George Zieman is a thorn in the side of the RIAA, questioning their statistics, their ethics, their methods. He was the artist nuked from selling his own recordings on eBay by DMCA rules last October.
Now Zieman is seeking to become not just a thorn in the side, but a tremendous pain in the ass:
- The views represented in this article are those of the author. They represent my opinion solely and I am legally responsible for any action taken as a result.
Let’s sue the RIAA. Now. In my name.
I am ready to lend my name as the plaintiff in a class action discrimination lawsuit against the entire recording industry on behalf of all the independent musicians in the country. This will be part of a greater action, as the facts of my case will enable an anti-trust suit against the industry, if the two are not one and the same.
The charges are:
1) Monopolistic domination of the marketplace and preventing access to all others.
2) Market restrictions which apply to all competition except the major labels.
3) An attempt to ignore all authorized music in an effort to establish a pay-for-play marketplace, even though the freely authorized music is the majority of recorded music available on the Internet.
4) False testimony before Congress. When Hilary Rosen went before Orrin Hatch in the Napster hearings, she knew for a fact that sales would be down in 2000. They engineered it. She lied to Senator Hatch’s face.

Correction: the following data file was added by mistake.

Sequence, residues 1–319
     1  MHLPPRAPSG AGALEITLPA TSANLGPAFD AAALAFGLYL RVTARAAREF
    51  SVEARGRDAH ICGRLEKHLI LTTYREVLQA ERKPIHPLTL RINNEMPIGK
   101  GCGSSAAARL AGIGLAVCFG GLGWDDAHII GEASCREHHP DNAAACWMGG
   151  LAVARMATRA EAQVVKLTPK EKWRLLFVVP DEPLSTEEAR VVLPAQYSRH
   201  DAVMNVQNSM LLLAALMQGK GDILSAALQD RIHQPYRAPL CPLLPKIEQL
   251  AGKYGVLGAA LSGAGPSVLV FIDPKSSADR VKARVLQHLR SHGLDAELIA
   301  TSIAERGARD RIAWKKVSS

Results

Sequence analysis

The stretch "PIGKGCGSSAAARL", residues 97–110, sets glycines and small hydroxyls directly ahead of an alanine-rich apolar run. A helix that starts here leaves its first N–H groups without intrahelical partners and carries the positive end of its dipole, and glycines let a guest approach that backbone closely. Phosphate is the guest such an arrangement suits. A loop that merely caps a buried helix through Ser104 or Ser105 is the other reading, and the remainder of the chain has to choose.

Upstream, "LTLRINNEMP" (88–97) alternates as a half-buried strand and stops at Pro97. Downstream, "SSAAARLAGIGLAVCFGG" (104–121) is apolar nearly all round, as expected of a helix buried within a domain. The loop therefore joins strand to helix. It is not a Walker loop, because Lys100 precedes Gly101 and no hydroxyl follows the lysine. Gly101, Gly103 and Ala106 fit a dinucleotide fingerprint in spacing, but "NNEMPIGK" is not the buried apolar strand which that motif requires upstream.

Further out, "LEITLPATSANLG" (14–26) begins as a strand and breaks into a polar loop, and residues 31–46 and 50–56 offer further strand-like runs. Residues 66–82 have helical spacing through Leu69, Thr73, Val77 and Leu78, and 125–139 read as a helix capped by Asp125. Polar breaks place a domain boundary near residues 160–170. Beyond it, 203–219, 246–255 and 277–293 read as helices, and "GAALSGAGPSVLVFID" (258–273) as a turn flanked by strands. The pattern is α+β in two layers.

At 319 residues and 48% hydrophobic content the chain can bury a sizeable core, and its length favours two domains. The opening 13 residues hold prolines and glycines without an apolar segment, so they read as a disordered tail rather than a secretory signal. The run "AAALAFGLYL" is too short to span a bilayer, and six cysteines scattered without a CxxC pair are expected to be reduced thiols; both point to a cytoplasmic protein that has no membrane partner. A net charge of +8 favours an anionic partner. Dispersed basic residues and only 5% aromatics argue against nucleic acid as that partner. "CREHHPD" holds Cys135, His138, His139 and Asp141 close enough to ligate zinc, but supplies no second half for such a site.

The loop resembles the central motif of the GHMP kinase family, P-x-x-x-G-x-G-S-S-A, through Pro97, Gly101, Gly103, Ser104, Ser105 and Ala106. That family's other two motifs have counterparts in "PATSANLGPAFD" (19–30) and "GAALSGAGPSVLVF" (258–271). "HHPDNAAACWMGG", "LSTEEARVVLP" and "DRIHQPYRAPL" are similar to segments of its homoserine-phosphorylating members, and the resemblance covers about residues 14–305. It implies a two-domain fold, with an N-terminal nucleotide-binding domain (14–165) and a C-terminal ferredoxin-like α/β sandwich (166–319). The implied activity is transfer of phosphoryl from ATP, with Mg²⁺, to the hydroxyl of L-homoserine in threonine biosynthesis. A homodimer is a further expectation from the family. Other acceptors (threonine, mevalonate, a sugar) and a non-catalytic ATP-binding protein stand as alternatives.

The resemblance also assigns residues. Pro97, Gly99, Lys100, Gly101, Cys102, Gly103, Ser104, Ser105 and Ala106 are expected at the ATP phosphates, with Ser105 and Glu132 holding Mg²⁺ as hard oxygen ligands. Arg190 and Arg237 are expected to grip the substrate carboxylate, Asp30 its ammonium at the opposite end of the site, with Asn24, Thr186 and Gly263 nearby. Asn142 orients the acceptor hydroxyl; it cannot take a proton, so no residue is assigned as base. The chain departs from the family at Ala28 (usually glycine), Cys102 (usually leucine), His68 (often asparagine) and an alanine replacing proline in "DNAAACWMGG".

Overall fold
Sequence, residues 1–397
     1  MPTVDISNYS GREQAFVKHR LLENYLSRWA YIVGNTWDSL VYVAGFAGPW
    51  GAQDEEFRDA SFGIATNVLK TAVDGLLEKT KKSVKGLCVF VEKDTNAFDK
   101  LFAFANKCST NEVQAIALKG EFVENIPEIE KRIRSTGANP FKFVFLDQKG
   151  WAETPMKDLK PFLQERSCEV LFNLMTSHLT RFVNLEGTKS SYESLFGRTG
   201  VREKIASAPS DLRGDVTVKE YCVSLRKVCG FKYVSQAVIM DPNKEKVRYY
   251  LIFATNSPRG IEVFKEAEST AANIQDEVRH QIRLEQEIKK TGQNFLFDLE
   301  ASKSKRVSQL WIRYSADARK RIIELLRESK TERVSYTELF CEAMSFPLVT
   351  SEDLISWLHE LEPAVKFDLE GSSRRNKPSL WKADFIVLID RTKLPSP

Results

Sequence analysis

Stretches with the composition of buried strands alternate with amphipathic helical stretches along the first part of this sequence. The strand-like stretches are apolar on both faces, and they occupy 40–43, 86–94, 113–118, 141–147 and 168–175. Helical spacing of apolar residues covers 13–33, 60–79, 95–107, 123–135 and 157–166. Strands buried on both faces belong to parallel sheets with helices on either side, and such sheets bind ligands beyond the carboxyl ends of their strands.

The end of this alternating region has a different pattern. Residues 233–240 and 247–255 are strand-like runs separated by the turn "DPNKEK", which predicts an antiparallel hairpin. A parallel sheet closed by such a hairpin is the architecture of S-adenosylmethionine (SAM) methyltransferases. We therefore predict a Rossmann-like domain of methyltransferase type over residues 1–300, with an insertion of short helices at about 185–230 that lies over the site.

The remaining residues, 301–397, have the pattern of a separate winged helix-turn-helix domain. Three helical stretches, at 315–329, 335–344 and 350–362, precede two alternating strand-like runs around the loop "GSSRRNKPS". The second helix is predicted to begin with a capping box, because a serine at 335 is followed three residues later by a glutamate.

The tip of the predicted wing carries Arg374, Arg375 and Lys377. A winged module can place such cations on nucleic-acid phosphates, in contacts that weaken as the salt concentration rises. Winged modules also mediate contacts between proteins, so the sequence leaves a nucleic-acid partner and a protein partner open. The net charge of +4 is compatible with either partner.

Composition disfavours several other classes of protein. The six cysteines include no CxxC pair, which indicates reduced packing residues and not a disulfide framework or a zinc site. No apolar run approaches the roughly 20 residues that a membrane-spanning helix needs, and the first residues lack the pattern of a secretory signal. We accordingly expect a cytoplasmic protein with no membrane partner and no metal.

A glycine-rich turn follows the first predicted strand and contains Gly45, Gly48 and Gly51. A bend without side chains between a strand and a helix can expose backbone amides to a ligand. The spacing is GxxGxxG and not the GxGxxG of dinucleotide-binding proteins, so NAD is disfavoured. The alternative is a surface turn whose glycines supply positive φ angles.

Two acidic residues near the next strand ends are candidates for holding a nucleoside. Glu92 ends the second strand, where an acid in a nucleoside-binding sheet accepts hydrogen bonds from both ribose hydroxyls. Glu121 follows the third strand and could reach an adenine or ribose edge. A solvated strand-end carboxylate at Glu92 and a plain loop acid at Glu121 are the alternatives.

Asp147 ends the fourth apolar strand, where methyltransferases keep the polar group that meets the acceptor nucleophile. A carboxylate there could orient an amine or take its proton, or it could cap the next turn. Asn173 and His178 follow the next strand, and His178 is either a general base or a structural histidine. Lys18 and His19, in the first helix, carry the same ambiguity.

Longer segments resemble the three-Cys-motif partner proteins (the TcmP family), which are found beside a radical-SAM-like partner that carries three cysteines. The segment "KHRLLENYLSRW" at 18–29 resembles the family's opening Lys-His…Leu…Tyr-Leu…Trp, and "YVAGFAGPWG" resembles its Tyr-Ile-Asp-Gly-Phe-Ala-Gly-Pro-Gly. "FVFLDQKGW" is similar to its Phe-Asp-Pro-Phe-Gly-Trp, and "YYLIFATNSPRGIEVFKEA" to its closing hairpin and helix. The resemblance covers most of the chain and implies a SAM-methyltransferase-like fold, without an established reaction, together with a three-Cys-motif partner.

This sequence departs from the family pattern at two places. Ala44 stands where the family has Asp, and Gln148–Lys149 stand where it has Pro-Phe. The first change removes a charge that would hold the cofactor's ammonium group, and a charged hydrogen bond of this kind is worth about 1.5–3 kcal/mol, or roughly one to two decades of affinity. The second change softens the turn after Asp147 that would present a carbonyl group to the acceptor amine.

What happened in 1999 was a carbon copy of what happened in 1997.
5) Perpetrating a fraud against the government of the United States. There is no empirical data to support “downloading as theft.” In fact, if the labels would shut up, stop sending out free goods, and post a few mp3s, they would save about $2 to $4 billion a year.
Just ask Madonna how much exposure she got from her free “What the f***
are you doing?” hit song. And then ask her how much money she spent on this world-wide promotion.
The Internet is the world’s most powerful promotional tool. It works. And it’s free.
That’s just the start. When I get a lawyer (I have asked Gerry Spence and leflaw) to take my case, we’ll fine-tune a little. Because there is lots more.
After six months of printing my accusations, there has been no reply from the RIAA, although I have written directly to Hilary Rosen numerous times. I have asked her to respond to these accusations. She has ignored me. She can’t ignore me if I take her to court.
I have told Ms. Rosen that if she can refute my data, I will retract my statements.
I have offered to debate her on live television. Preferably at CNBC, so that a boatload of financial analysts can prove me wrong, too. And give her 90% of the air time to present her case before I destroy her in the remaining 10 percent.
To date, the RIAA has not responded to any of my charges or challenges. They have not disputed any of my data. They have not asked for a retraction. No cease and desist order. They have not even asked me to shut up.
No one has even argued with my facts, much less come close to disputing them.
Because it’s the RIAA’s data. And I’m right.
Let’s take them to court. The only way they can win is to open their books. Because so far, they haven’t even explained the first line on the 2002 year-end statistics.
And if they didn’t lie to Congress, they lied to their stockholders. Because none of the 2001 year-end reports mentions file-sharing or “piracy” as a cause for the sales decline. The only one who even mentions file-sharing is BMG, who used its potential as a reason to justify investing in Napster.